Use this URL to cite or link to this record in EThOS: http://ethos.bl.uk/OrderDetails.do?uin=uk.bl.ethos.550804
Title: Modelling and simulation of oxy-coal fired power plants
Author: Edge, Penelope Jayne
Awarding Body: University of Leeds
Current Institution: University of Leeds
Date of Award: 2011
Availability of Full Text:
Access through EThOS:
Abstract:
Meeting energy demand while mitigating catastrophic climate change is a serious challenge faced by governments around the globe. The role of coal in the energy mix is integral to this problem: coal is a relatively cheap, flexible and plentiful energy resource; however it is also one of the most polluting. CO2 emissions from coal-fired power plants contribute to global warming. Development and deployment of carbon capture and sequestration (CCS) technology is vital in order to reduce the environmental impact of burning coal. CCS involves capturing and purifying C02 from the emission source and then sequestering it safely and securely to avoid emission to the atmosphere. Oxyfuel combustion, in which the fuel is burnt in a mixture of pure oxygen and recycled flue gas instead of air, is a viable option for CCS from coal-fired power plants. The subject of this discourse is modelling and simulation of oxy-coal combustion. Accurate prediction of the operating characteristics of oxy-coal plants is a vital step towards deployment of the technology. This requires a fundamental understanding of the processes involved and how they might differ from conventional air-firing operation. The distribution of the furnace heat transfer determines the integration between the gas and the water/steam cycles. In order for existing boiler technology to be converted to oxyfuel operation, heat transfer in an oxy-coal furnace should be very similar to air-firing. A combination of fundamental modelling, fluid dynamics, and process simulation have been applied in order to study the impact of oxyfuel combustion on electricity generation. Effectively, nitrogen is replaced with CO2 in the combustion gases and this will affect the gas specific heat capacity, thermal conductivity, diffusivity and absorptivity/emissivity and hence change the rate of convective and radiative heat transfer. The gas-side heat transfer processes are intrinsically linked to chemical reactions and turbulence, and these are accounted for using a CFD model of the furnace. The CFD-generated data are then linked to a full plant simulation in order to investigate the impact of oxyfuel combustion on plant operation. The heat transfer components in the full plant model are developed specifically for detailed prediction of heat transfer and account for changes in composition and mass flow of the flue gases. A range of inlet oxygen concentrations varying from 21-35 vol-% and recycle ratios varying from 80-65% are investigated and the combined simulations reveal a 'working range' of approximately 30-33% inlet oxygen and 72-68% recycle ratio where the distribution of heat transfer is sufficiently similar to allow the plant to operate within the given set- points for air-firing.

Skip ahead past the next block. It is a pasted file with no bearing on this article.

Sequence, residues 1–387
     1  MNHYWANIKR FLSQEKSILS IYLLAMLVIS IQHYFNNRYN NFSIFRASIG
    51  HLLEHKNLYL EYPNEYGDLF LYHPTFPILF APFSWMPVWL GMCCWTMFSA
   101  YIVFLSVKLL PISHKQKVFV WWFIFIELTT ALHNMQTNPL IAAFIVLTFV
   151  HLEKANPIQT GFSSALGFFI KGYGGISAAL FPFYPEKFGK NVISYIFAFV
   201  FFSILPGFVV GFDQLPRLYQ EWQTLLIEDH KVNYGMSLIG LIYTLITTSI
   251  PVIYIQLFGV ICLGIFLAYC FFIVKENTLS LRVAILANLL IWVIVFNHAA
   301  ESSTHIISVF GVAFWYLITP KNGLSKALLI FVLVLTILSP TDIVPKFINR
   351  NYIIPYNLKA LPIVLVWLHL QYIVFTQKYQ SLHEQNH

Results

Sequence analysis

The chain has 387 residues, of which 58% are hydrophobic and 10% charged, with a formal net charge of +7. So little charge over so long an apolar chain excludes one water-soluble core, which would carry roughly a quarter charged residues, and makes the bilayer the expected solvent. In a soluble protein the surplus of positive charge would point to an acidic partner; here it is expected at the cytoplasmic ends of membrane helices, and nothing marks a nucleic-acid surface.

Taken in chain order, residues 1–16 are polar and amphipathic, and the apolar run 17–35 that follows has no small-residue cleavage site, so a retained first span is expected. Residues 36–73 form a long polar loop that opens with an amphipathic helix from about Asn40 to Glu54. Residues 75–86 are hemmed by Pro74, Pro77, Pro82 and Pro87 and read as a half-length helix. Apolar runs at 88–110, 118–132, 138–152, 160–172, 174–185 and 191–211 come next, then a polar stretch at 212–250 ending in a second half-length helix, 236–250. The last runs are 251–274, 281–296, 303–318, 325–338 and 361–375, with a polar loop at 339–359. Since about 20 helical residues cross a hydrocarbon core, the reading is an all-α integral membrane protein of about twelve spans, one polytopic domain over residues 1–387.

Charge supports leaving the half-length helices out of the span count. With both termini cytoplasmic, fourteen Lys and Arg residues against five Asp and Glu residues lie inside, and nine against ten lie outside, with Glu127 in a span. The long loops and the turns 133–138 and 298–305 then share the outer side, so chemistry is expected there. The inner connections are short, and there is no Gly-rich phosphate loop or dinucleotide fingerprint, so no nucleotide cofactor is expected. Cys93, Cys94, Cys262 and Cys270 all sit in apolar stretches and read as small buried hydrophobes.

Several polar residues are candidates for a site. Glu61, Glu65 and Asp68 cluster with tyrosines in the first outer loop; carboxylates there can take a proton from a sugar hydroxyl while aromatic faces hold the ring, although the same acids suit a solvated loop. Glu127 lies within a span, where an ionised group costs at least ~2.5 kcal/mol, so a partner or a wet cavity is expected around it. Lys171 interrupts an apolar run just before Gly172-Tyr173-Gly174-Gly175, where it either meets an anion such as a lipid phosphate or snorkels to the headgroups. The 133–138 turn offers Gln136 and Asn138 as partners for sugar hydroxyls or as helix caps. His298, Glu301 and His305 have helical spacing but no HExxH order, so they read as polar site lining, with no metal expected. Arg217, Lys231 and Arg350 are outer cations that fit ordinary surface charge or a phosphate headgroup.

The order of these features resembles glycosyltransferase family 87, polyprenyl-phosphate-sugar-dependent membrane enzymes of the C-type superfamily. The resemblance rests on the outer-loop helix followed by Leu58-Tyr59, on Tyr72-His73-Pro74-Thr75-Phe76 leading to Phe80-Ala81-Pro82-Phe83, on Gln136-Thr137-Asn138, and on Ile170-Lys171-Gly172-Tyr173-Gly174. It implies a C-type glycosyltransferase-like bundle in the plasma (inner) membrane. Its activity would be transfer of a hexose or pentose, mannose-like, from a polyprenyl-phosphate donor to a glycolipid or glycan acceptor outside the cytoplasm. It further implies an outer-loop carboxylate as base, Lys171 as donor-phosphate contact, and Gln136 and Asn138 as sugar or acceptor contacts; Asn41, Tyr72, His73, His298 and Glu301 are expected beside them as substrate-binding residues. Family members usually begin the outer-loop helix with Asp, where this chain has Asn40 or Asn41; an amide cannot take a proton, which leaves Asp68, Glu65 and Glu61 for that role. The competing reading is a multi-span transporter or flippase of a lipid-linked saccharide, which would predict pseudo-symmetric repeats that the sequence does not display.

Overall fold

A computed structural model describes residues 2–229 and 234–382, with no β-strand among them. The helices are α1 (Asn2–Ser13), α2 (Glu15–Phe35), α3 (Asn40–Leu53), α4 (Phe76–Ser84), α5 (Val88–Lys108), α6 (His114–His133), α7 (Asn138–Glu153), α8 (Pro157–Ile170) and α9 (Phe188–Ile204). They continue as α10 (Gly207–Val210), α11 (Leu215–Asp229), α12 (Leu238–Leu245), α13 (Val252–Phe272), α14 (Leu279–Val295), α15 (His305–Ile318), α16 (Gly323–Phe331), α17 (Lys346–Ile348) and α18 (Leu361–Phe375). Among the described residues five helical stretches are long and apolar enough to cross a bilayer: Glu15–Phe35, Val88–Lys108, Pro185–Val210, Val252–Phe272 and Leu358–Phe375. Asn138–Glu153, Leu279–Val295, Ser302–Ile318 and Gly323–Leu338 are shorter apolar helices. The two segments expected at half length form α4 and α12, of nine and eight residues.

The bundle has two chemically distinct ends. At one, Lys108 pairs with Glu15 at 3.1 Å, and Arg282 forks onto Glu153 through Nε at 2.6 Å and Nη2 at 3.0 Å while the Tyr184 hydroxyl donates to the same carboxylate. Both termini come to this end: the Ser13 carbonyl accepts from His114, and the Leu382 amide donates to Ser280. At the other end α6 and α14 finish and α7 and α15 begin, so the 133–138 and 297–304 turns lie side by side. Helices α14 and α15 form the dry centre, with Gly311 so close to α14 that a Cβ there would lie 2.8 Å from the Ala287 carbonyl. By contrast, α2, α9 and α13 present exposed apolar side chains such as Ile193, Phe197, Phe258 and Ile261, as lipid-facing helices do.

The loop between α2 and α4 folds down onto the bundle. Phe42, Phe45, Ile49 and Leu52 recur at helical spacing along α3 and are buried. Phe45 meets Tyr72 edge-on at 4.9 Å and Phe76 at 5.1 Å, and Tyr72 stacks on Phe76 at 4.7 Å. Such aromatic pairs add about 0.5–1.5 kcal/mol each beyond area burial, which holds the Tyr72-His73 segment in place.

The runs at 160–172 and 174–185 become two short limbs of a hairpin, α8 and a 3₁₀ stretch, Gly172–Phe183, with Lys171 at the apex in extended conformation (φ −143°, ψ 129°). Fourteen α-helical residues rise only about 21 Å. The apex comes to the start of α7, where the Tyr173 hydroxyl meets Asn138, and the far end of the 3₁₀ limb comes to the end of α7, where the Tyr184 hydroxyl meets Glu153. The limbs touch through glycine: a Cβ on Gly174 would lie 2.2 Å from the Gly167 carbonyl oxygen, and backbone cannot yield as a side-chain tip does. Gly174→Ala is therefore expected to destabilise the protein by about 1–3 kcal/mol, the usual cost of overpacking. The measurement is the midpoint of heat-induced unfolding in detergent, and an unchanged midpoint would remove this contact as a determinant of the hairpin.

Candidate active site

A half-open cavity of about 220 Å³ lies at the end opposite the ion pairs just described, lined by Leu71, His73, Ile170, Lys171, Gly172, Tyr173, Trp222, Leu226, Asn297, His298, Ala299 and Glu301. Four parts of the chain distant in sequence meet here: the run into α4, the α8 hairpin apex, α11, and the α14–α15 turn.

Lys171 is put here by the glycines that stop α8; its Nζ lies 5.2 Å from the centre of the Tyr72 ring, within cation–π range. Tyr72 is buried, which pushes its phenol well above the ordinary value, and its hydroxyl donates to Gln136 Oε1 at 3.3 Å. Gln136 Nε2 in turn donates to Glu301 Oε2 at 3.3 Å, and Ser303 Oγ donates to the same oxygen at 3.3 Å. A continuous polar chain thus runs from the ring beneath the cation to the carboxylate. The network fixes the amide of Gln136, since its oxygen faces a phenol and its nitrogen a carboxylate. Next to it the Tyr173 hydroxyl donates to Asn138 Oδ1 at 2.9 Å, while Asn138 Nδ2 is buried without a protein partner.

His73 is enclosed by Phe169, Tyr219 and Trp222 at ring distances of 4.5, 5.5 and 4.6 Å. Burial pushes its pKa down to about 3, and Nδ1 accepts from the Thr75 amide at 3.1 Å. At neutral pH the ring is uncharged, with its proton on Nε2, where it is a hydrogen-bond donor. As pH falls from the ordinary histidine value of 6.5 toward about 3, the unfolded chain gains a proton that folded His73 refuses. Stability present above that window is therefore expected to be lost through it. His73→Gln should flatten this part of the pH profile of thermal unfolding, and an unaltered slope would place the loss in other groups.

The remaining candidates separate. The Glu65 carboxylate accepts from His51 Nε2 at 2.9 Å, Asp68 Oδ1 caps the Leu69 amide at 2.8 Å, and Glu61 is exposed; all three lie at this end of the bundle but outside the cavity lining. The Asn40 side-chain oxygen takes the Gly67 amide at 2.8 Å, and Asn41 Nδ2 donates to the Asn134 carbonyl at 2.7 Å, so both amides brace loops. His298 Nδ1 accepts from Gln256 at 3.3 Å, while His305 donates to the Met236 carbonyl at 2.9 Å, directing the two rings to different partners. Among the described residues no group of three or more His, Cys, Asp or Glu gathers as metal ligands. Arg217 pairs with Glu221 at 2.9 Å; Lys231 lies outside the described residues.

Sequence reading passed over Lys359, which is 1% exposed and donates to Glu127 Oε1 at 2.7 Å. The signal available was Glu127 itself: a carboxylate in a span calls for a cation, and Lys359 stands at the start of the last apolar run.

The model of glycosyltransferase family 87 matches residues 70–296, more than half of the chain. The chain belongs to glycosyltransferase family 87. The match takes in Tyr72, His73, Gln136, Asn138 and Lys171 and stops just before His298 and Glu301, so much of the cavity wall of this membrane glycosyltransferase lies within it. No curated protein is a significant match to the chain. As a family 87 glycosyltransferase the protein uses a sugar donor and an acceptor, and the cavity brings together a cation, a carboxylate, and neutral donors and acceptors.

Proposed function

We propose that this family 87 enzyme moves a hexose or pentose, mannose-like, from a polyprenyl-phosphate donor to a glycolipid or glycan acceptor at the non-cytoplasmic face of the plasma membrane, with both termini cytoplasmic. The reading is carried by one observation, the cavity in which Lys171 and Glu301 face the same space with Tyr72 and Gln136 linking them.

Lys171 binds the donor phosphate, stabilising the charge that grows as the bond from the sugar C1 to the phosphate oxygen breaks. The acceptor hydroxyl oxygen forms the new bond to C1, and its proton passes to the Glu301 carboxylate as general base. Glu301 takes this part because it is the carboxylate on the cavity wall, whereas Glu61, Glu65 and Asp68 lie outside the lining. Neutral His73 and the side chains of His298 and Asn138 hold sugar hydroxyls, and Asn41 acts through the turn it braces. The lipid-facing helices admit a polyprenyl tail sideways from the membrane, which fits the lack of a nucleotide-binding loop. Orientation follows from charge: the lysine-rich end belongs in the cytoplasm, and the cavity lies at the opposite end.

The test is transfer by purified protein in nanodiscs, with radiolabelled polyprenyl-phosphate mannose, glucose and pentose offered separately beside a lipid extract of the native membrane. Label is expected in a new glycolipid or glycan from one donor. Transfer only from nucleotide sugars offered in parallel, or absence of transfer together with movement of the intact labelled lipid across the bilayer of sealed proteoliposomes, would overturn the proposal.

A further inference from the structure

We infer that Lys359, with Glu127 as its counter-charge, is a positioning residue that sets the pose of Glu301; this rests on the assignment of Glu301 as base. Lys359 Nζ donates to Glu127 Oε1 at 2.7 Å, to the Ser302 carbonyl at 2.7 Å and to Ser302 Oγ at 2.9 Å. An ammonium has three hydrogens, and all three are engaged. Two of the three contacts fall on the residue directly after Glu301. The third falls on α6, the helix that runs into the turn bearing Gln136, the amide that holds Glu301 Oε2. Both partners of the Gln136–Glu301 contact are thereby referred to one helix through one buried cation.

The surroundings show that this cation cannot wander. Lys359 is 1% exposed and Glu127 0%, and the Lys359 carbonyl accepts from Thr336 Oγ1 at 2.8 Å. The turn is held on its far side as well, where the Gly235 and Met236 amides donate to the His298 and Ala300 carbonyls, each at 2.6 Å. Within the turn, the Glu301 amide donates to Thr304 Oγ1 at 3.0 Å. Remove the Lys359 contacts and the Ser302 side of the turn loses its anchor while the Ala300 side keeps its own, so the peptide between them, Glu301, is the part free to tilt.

Supervisor: Not available Sponsor: Not available
Qualification Name: Thesis (Ph.D.) Qualification Level: Doctoral
EThOS ID: uk.bl.ethos.550804  DOI: Not available
Share: